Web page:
leadership transitioning
When considering such questions, it’s helpful to examine three key areas: strategy, structure, and culture. As we’ll see, one of those areas is often, and too easily, overlooked.

The first area, strategy, is the proverbial “no-brainer.” After all, how can any enterprise exist, let alone move forward, without a carefully thought out strategy? Likewise, no project or initiative can hope to succeed without team members understanding why it is being implemented, and why it is important.

You may have heard the term cross-functional. In management, it refers to the way teams or departments with different skills or purposes work together for a common goal or objective. That can only be accomplished if there is a clearly defined and agreed-upon strategy.

Second, there must be structure. In most companies, that will include organizational charts, the division of the organization into departments, and systems for communication and interaction between those departments, with managers and supervisors installed at various levels throughout. Some structures will be hierarchical, while others—particularly in smaller businesses—may be more collegial in nature.

Finally, there is the issue of culture. An organization’s culture may be clearly defined in its mission statement. Often, however, the culture takes on a life of its own. Culture reflects the unwritten rules of organizational behavior—the values that define an organization and shape the way it operates.

Too often, an organization can’t, or won’t, see past the nose on its face to fully understand its culture and how it got that way. But a simple examination of past performance, and the factors that contributed to the current climate within an organization, can help leaders and managers better shape a more productive and functional corporate environment—with the future clearly in mind.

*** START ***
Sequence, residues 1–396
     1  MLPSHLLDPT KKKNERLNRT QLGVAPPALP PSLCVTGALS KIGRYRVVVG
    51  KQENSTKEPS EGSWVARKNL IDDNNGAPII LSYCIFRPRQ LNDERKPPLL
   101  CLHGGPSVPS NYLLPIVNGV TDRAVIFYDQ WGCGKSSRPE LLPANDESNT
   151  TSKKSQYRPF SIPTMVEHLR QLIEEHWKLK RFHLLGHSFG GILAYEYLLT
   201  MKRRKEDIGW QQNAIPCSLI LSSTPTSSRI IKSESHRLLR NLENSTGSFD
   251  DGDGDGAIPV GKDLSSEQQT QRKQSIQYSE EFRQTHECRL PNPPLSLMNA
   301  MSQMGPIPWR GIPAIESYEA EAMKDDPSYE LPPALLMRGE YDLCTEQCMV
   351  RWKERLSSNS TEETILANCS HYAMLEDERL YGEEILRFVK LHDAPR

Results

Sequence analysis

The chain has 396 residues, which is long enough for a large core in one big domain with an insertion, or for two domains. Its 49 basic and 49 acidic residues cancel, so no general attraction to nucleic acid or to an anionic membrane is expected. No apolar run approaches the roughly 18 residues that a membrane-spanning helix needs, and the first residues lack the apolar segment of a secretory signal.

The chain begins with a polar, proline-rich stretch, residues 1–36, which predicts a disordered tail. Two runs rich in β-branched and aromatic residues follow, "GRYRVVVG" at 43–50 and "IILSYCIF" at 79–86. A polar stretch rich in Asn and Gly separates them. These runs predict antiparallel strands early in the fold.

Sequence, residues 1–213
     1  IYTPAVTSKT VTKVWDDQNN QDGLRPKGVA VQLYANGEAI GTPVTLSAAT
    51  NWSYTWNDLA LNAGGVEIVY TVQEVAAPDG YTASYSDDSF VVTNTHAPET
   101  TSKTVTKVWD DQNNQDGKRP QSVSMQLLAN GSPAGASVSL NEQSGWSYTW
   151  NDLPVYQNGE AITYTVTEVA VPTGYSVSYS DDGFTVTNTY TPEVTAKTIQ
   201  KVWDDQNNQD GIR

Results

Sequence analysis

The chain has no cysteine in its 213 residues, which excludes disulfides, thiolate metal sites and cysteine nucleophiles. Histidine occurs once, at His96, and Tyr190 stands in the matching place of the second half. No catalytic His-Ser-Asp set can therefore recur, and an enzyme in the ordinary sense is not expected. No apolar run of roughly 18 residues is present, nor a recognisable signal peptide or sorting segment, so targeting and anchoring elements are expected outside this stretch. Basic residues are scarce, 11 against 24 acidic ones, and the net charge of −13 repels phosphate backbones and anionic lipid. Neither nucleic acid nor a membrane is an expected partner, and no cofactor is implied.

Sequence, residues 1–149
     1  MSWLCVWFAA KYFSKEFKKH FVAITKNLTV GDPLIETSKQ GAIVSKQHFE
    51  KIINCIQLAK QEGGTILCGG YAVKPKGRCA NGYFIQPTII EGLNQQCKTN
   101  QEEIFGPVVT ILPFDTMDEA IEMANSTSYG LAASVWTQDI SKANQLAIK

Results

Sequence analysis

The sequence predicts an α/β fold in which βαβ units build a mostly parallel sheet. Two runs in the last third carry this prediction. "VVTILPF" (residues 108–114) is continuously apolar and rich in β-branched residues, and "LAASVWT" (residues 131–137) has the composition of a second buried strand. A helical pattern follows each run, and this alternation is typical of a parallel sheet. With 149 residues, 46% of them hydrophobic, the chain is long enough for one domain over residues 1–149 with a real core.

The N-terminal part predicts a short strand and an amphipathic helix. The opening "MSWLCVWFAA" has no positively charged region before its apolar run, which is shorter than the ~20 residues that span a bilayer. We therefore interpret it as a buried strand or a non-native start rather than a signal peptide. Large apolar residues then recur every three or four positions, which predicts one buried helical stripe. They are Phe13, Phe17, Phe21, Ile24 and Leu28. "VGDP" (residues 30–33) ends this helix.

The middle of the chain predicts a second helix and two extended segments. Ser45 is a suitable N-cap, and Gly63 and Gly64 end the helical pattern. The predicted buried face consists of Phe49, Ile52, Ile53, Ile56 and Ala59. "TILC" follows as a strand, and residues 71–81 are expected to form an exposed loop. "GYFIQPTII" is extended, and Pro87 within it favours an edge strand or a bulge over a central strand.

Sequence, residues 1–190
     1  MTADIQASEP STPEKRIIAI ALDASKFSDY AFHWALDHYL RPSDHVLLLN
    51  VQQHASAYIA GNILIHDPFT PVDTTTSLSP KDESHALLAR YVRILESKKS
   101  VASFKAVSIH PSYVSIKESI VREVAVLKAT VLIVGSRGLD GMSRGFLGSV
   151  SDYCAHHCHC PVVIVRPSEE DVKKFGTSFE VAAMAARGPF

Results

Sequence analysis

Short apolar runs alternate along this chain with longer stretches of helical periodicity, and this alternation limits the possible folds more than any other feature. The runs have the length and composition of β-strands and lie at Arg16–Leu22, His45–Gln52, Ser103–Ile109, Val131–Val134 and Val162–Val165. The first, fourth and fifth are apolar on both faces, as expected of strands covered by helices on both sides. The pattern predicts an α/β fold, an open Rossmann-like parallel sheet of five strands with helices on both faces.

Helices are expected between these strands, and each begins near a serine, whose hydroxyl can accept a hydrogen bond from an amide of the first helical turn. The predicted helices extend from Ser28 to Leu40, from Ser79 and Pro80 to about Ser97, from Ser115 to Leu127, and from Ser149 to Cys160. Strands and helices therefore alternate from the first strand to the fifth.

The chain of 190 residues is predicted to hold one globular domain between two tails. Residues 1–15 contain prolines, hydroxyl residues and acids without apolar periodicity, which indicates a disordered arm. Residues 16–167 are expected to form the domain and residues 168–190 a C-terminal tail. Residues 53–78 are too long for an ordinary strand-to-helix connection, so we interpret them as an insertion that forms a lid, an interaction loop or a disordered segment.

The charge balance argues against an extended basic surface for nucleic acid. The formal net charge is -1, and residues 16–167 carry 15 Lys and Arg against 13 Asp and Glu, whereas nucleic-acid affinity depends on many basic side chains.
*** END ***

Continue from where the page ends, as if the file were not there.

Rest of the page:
How do you measure up in these three areas? It’s worthwhile—even critical—to examine your strategy, structure and culture for clues to how your organization can be truly successful in accomplishing its goals.

Jim Ondrus is a Vistage Chair and president of JA Ondrus, LLC in Canton, Ohio.

Friday, January 20, 2017

The 10 Commandments of Personal Leadership

Over the past 35 years I have had the pleasure of working with some amazing colleagues. Through readings, interaction, discussion and observation over that time, I have taken the opportunity to compile this list of my 10 Commandments of Personal Leadership.

1.) Be passionate about your vision and the WHY behind it; communicate how everyone fits in.

2.) Build strong trusting and caring relationships, keep your commitments, and connect with your team at all levels.

3.) Be clear and enthusiastic on your expectations of your team and your team's expectations of you.

4.) Create and promote an innovative and dynamic learning environment. It starts with you!

5.) Be grateful for your team and show real, heartfelt appreciation. Trust your team to succeed.

6.) Be an active and effective coach. Listen, coach and be coachable.

7.) Enjoy your life and enable your team to enjoy their lives. Take care of yourself. "Balance of life!"

8.) Share your dreams with big dreamers. Learn the dreams of your team, your customers, and your business partners.

9.) Take accountability for your actions -- successes and failures. Hire people who are better than you.

10.) Lead by example, be supportive, and be collaborative with your team, customers and partners.

Jim Ondrus is a Vistage Chair and president of JA Ondrus, LLC in Canton, Ohio.